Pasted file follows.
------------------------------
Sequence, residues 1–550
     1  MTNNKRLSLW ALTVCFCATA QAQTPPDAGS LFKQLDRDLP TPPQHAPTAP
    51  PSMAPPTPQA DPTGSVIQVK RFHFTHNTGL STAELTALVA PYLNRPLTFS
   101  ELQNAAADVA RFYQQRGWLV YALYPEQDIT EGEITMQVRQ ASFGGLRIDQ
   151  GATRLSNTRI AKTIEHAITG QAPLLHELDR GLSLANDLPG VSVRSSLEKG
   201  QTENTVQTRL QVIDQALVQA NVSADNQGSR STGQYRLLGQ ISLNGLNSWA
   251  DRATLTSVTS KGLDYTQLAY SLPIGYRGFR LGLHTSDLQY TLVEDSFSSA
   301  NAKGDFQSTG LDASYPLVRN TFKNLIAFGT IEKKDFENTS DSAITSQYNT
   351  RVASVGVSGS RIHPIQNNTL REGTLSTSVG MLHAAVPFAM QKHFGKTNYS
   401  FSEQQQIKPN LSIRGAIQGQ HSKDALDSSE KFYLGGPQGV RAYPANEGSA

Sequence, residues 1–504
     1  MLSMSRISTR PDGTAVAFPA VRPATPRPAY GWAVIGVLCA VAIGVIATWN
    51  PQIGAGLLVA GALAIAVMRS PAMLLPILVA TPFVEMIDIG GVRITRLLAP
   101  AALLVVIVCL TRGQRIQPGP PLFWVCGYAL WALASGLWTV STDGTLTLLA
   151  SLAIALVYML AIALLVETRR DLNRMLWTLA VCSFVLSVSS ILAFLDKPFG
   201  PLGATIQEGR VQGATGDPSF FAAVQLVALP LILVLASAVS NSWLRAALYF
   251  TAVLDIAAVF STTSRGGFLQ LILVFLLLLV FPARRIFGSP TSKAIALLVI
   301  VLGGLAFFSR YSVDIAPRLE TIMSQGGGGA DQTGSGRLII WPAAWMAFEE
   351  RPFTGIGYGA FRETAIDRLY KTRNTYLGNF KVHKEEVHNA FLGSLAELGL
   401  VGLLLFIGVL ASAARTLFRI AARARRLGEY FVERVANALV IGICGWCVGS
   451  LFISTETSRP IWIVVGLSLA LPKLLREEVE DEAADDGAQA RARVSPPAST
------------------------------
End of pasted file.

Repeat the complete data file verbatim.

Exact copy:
Sequence, residues 1–550
     1  MTNNKRLSLW ALTVCFCATA QAQTPPDAGS LFKQLDRDLP TPPQHAPTAP
    51  PSMAPPTPQA DPTGSVIQVK RFHFTHNTGL STAELTALVA PYLNRPLTFS
   101  ELQNAAADVA RFYQQRGWLV YALYPEQDIT EGEITMQVRQ ASFGGLRIDQ
   151  GATRLSNTRI AKTIEHAITG QAPLLHELDR GLSLANDLPG VSVRSSLEKG
   201  QTENTVQTRL QVIDQALVQA NVSADNQGSR STGQYRLLGQ ISLNGLNSWA
   251  DRATLTSVTS KGLDYTQLAY SLPIGYRGFR LGLHTSDLQY TLVEDSFSSA
   301  NAKGDFQSTG LDASYPLVRN TFKNLIAFGT IEKKDFENTS DSAITSQYNT
   351  RVASVGVSGS RIHPIQNNTL REGTLSTSVG MLHAAVPFAM QKHFGKTNYS
   401  FSEQQQIKPN LSIRGAIQGQ HSKDALDSSE KFYLGGPQGV RAYPANEGSA

Sequence, residues 1–504
     1  MLSMSRISTR PDGTAVAFPA VRPATPRPAY GWAVIGVLCA VAIGVIATWN
    51  PQIGAGLLVA GALAIAVMRS PAMLLPILVA TPFVEMIDIG GVRITRLLAP
   101  AALLVVIVCL TRGQRIQPGP PLFWVCGYAL WALASGLWTV STDGTLTLLA
   151  SLAIALVYML AIALLVETRR DLNRMLWTLA VCSFVLSVSS ILAFLDKPFG
   201  PLGATIQEGR VQGATGDPSF FAAVQLVALP LILVLASAVS NSWLRAALYF
   251  TAVLDIAAVF STTSRGGFLQ LILVFLLLLV FPARRIFGSP TSKAIALLVI
   301  VLGGLAFFSR YSVDIAPRLE TIMSQGGGGA DQTGSGRLII WPAAWMAFEE
   351  RPFTGIGYGA FRETAIDRLY KTRNTYLGNF KVHKEEVHNA FLGSLAELGL
   401  VGLLLFIGVL ASAARTLFRI AARARRLGEY FVERVANALV IGICGWCVGS
   451  LFISTETSRP IWIVVGLSLA LPKLLREEVE DEAADDGAQA RARVSPPAST